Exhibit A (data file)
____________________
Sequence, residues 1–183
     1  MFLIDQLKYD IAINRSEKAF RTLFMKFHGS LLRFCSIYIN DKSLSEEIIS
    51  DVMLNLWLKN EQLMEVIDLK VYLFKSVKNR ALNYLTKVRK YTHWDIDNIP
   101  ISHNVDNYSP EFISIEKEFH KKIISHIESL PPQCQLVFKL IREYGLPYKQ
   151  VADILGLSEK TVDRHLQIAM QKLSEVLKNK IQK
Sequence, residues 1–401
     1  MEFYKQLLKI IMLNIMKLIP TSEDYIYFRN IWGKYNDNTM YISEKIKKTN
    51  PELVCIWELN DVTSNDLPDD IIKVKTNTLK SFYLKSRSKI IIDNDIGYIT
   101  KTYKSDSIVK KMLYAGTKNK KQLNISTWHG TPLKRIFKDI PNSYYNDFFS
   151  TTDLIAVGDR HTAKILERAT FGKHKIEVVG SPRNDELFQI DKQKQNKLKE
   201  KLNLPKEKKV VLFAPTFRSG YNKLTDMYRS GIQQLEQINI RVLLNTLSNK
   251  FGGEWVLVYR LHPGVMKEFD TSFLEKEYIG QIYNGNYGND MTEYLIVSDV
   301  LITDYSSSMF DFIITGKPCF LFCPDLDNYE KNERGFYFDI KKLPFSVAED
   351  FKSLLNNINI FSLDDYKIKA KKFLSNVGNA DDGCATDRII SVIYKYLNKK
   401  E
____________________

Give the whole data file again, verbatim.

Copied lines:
Sequence, residues 1–183
     1  MFLIDQLKYD IAINRSEKAF RTLFMKFHGS LLRFCSIYIN DKSLSEEIIS
    51  DVMLNLWLKN EQLMEVIDLK VYLFKSVKNR ALNYLTKVRK YTHWDIDNIP
   101  ISHNVDNYSP EFISIEKEFH KKIISHIESL PPQCQLVFKL IREYGLPYKQ
   151  VADILGLSEK TVDRHLQIAM QKLSEVLKNK IQK
Sequence, residues 1–401
     1  MEFYKQLLKI IMLNIMKLIP TSEDYIYFRN IWGKYNDNTM YISEKIKKTN
    51  PELVCIWELN DVTSNDLPDD IIKVKTNTLK SFYLKSRSKI IIDNDIGYIT
   101  KTYKSDSIVK KMLYAGTKNK KQLNISTWHG TPLKRIFKDI PNSYYNDFFS
   151  TTDLIAVGDR HTAKILERAT FGKHKIEVVG SPRNDELFQI DKQKQNKLKE
   201  KLNLPKEKKV VLFAPTFRSG YNKLTDMYRS GIQQLEQINI RVLLNTLSNK
   251  FGGEWVLVYR LHPGVMKEFD TSFLEKEYIG QIYNGNYGND MTEYLIVSDV
   301  LITDYSSSMF DFIITGKPCF LFCPDLDNYE KNERGFYFDI KKLPFSVAED
   351  FKSLLNNINI FSLDDYKIKA KKFLSNVGNA DDGCATDRII SVIYKYLNKK
   401  E